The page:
While Stollery claims setting up a fitness facility requires little more than “leasing a property and throwing in exercise equipment,” he says starting a successful business is when the struggle begins, largely due to the fact that many apartment buildings in the country have a reasonably well-equipped gym servicing their residents - a challenge most health club operators outside the UAE do not face.
“This means that commercial clubs need to offer some differentiation - they can’t simply offer exercise equipment, as many city dwellers already have gym access free of charge,” says Stollery.
So what are people missing in the UAE’s health and fitness industry? Motivation to exercise, according to Stollery.
“[People] know they can train in their building, follow a routine off a YouTube video or even run around the block. But the fact of the matter is, most don’t because they’re not motivated enough to do so.
“There’s something about exercising in a group, training with your friends with the latest music and a motivating coach that gets people excited about exercising.”
The firm’s immersive fitness classes, which follow a pay-per-class model, have been operating at 80-100 percent capacity in Dubai. Attendance, according to Stollery, is the only metric he uses to measure how motivated his members are, but also how successful his concept is.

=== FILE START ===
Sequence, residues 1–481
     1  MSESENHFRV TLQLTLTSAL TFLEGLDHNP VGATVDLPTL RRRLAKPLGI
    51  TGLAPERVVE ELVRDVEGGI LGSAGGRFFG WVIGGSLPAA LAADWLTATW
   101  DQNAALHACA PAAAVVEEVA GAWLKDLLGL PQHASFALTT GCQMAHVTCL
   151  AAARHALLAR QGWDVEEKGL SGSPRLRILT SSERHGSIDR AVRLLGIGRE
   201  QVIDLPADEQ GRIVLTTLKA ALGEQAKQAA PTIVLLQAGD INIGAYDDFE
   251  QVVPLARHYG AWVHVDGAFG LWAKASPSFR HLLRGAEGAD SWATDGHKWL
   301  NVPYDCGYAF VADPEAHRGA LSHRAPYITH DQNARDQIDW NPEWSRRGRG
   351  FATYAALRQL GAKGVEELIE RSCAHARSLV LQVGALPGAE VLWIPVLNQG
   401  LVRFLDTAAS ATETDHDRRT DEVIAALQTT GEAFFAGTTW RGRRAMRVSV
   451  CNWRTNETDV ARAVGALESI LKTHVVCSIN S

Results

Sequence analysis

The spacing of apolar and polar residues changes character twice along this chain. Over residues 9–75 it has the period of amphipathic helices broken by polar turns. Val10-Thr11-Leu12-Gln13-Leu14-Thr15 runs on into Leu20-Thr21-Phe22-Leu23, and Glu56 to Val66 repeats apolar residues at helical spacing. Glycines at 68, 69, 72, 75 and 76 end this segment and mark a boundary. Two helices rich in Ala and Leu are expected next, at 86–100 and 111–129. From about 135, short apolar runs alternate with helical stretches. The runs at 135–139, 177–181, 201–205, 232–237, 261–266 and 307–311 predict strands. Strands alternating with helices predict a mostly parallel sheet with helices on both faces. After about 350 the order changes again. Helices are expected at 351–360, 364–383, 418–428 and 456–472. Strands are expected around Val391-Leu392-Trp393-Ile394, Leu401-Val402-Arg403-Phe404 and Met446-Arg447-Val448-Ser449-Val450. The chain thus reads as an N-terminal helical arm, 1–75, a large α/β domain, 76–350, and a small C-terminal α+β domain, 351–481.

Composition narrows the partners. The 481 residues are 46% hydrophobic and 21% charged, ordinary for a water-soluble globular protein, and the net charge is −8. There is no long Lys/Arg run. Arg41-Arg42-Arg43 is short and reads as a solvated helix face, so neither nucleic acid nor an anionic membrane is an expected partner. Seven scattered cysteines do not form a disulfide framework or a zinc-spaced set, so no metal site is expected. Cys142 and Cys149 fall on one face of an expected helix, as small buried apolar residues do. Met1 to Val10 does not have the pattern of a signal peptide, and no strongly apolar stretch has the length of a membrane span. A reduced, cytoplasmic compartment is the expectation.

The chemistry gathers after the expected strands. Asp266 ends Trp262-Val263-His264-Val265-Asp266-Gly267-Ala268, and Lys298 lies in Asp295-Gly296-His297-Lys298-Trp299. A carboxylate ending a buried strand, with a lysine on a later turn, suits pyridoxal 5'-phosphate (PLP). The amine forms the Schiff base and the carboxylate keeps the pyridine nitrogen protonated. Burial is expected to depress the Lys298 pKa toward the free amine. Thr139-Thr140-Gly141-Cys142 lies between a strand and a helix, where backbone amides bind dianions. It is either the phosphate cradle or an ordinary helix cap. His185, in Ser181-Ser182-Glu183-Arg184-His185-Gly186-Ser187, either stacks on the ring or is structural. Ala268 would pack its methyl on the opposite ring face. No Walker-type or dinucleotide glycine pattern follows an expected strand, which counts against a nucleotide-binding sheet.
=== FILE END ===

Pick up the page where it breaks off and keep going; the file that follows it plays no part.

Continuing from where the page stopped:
“The reality is that if you’re simply offering exercise equipment without a high-performing group exercise timetable, then you’ll likely struggle in this market,” he says.
Les Mills’ business model sees the firm partner with club operators to provide them with content, as opposed to operating the clubs itself. It is one of the reasons behind’s the brand’s rapid success in the UAE, where it plans to set up a total of ten partnerships by the end of 2018.
Its immersive classes take place in GFX fitness studio in Business Bay, a space that occupies less than 200 square metres, eliminating the price of premium real estate that haunts more traditional fitness centres. And while a virtual reality set up requires an initial capital investment in AV technology, it can be set up with a reasonably low investment thanks to its small footprint. But real estate is not the costliest factor in the equation.